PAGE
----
Higher-Order Programming in C

Higher-Order Programming in C

Post by Jonathan B » Sat, 02 Apr 2005 04:46:03

Just thought you all might be interested in an article I just finished
about higher-order functions, and their use in Scheme and C:


This is part of a series of articles I'm writing about functional
programming and how it can be used to even in procedural languages.
This even includes a section on object-oriented programming in C (not
C++) and Scheme.

Learn to program using Linux assembly language

Higher-Order Programming in C

Post by Eric Sosma » Sat, 02 Apr 2005 06:54:28

Mostly, it reads like a Scheme adverti *** t -- "If
you want Lisp, you know where to find it." The C code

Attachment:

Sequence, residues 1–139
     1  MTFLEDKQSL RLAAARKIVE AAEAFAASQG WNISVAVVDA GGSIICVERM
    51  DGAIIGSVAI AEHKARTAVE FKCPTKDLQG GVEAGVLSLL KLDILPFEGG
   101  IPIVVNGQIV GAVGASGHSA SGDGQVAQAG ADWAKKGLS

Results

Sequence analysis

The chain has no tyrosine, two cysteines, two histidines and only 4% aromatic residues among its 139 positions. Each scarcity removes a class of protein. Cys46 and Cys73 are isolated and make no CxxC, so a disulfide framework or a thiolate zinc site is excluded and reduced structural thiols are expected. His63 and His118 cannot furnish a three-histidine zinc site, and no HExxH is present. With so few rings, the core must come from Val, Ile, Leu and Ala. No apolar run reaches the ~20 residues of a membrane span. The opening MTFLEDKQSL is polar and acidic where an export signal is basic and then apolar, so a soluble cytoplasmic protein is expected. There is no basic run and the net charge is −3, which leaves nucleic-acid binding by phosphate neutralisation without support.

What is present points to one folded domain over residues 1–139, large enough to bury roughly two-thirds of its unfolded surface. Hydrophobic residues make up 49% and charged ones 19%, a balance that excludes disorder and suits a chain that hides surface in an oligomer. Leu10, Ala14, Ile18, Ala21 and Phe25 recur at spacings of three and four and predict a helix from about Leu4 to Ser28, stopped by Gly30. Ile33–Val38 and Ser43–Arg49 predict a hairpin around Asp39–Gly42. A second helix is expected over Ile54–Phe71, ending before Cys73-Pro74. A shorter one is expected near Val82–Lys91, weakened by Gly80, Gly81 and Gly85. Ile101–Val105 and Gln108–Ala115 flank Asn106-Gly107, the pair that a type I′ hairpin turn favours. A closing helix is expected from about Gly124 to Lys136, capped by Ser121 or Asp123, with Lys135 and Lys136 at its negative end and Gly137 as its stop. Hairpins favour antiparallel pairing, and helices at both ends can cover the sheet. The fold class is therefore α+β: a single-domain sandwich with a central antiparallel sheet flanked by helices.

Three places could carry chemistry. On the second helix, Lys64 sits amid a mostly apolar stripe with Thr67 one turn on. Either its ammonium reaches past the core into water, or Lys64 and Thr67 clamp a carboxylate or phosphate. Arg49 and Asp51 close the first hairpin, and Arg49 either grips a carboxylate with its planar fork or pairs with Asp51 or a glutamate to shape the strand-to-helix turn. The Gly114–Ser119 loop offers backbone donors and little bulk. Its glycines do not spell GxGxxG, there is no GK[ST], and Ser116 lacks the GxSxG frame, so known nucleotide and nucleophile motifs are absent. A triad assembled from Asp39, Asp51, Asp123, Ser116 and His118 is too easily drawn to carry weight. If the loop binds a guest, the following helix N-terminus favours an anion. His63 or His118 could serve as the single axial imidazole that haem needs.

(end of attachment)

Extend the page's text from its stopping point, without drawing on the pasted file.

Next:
could do with some cleaning up; in particular, the manual
imitation of a closure invokes undefined behavior. It is
flat-out incorrect to invoke a function like

int nextval(void *environment);

via a function pointer described as

typedef void * (*generic_function)(void *, ...);

without first converting the pointer to agree with the
type of the called function. And no, this isn't some kind
of "academic" concern, pertinent only to the DeathStation
line: there are real computers on which this will fail.



Higher-Order Programming in C

Post by jacob navi » Sat, 02 Apr 2005 20:28:16

Very interesting message.
Thanks for the tip.


Higher-Order Programming in C

Post by robert.tho » Mon, 04 Apr 2005 00:12:13

Very interesting. I would write many programs in Scheme if I could
easily link them to outside libraries like I can with C.

I think that there are slightly more safe/pleasant ways to do many of
the things done in this article, but I can't remember them right now.
I'll post them if I remember them.

Higher-Order Programming in C

Post by Jonathan B » Tue, 05 Apr 2005 22:40:24

Many Scheme implementations allow this with little difficulty. Chicken
can actually parse some C prototypes directly. Implementing glue code
is pretty simple in most of them.